ISHN

OSHA & DOT partner to combat distracted driving on the job (9/22)

September 22, 2010

Because motor vehicle crashes are a leading cause of worker fatalities, Secretary of Labor Hilda L. Solis has announced a partnership between OSHA and the U.S. Department of Transportation to combat distracted driving, according to an OSHA press release.

“It is imperative that employers eliminate financial and other incentives that encourage workers to text while driving,” said Secretary Solis. “It is well recognized that texting while driving dramatically increases the risk of a motor vehicle injury or fatality.”

Prohibiting texting while driving is the subject of an executive order signed by President Barack Obama last year for federal employees and the subject of rulemaking by the Department of Transportation.

OSHA is launching a multi-pronged initiative that includes:
  • An education campaign for employers, to be launched during "Drive Safely Work Week" in early October, will call on employers to prevent occupationally related distracted driving, with a special focus on prohibiting texting while driving.
  • An open letter to employers to be posted on OSHA's website, www.osha.gov during "Drive Safely Work Week." The website also will showcase model employer policies and encourage employer and labor associations to communicate OSHA's message.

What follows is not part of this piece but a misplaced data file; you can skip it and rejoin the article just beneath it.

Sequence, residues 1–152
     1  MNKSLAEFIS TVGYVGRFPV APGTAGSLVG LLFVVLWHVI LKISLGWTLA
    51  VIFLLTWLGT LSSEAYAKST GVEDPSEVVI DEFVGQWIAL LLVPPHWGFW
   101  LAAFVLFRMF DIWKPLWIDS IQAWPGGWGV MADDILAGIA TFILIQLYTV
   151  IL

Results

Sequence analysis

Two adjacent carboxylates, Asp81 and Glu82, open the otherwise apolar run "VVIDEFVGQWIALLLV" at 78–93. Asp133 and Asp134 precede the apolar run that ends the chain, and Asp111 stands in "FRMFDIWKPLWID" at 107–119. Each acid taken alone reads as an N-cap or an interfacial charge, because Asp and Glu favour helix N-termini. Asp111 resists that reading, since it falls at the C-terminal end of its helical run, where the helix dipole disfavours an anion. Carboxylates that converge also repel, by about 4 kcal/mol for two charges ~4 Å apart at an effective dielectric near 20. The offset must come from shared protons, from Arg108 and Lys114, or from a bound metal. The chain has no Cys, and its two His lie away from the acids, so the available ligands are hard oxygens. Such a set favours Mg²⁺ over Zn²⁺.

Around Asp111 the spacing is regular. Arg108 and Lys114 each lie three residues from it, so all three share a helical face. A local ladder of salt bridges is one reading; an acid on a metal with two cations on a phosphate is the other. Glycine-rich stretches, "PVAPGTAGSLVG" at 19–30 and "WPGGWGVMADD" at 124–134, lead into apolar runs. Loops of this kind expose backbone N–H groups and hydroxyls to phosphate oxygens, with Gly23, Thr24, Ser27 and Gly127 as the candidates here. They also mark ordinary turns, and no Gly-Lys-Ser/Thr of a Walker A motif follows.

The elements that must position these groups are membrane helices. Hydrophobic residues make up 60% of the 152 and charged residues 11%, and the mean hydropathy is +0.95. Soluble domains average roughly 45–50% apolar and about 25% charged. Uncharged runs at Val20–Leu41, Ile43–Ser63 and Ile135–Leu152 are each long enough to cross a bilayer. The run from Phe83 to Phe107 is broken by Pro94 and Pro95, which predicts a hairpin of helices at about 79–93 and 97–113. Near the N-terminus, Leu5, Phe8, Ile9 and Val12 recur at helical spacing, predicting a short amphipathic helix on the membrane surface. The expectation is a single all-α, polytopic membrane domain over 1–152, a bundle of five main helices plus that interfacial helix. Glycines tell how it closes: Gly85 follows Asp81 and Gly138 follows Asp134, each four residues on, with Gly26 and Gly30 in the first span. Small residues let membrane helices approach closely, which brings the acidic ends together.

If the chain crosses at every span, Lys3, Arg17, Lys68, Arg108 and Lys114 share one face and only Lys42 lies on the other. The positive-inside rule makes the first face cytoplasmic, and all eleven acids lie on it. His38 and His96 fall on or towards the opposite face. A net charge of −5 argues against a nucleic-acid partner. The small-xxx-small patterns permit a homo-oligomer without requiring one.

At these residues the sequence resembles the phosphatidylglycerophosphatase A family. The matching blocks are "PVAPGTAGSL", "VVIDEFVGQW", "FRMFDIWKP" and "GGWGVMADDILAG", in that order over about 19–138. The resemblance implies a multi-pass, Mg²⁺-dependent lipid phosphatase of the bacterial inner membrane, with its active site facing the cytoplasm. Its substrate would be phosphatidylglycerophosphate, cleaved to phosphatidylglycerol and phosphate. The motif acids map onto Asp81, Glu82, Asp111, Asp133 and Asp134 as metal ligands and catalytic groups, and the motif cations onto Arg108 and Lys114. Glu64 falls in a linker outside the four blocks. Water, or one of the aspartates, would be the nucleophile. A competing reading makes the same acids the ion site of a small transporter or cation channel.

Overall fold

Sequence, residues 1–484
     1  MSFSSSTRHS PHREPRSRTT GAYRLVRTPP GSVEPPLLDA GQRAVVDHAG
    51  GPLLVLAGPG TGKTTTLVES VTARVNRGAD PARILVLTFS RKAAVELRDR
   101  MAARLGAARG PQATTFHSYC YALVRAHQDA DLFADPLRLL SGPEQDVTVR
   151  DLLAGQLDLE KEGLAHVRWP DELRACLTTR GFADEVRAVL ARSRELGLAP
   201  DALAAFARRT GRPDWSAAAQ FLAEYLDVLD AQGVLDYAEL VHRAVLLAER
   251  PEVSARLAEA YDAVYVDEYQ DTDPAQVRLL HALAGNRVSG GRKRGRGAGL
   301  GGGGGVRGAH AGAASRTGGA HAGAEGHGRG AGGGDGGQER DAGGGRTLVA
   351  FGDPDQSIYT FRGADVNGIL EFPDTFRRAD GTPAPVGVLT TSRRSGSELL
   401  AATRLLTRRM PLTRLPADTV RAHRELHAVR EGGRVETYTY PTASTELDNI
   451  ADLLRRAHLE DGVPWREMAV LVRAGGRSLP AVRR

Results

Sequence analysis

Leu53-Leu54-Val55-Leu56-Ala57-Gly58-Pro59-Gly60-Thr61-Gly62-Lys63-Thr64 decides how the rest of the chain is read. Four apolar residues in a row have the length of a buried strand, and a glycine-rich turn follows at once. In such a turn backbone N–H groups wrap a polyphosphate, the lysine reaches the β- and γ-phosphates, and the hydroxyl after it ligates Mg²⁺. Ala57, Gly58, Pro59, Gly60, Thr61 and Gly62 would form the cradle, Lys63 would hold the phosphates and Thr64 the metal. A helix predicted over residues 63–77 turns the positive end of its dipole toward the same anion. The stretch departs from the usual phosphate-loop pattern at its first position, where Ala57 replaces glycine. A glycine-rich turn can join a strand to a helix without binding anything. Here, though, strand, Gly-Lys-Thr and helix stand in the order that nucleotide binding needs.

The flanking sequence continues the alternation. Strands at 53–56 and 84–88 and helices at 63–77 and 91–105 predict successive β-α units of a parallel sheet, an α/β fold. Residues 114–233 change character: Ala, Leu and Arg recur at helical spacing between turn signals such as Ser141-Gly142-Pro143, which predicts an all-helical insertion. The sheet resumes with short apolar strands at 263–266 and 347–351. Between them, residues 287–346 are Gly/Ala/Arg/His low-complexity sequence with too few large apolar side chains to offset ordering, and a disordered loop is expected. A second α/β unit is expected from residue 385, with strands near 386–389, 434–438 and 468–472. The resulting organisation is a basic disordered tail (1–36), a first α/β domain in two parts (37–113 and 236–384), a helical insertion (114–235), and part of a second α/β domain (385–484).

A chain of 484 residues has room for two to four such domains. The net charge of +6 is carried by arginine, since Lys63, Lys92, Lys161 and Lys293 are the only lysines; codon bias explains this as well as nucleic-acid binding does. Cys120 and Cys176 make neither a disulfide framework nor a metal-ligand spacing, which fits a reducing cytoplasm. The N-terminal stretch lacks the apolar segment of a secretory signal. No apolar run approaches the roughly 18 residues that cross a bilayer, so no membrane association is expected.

• Alliances with the National Safety Council and other key organizations as outreach to employers, especially small employers, aimed at combating distracted driving and prohibit texting while driving.
  • Special emphasis on reaching younger workers by coordinating with other Labor Department agencies as well as alliance partners and stakeholders.
  • Investigate and issue citations and penalties where necessary to end the practice when OSHA receives a credible complaint that an employer requires texting while driving.
“We call upon all employers to prohibit any work policy or practice that requires or encourages workers to text while driving,” said Assistant Secretary of Labor for OSHA Dr. David Michaels. “The Occupational Safety and Health Act is clear; employers must provide a workplace free of recognized hazards.”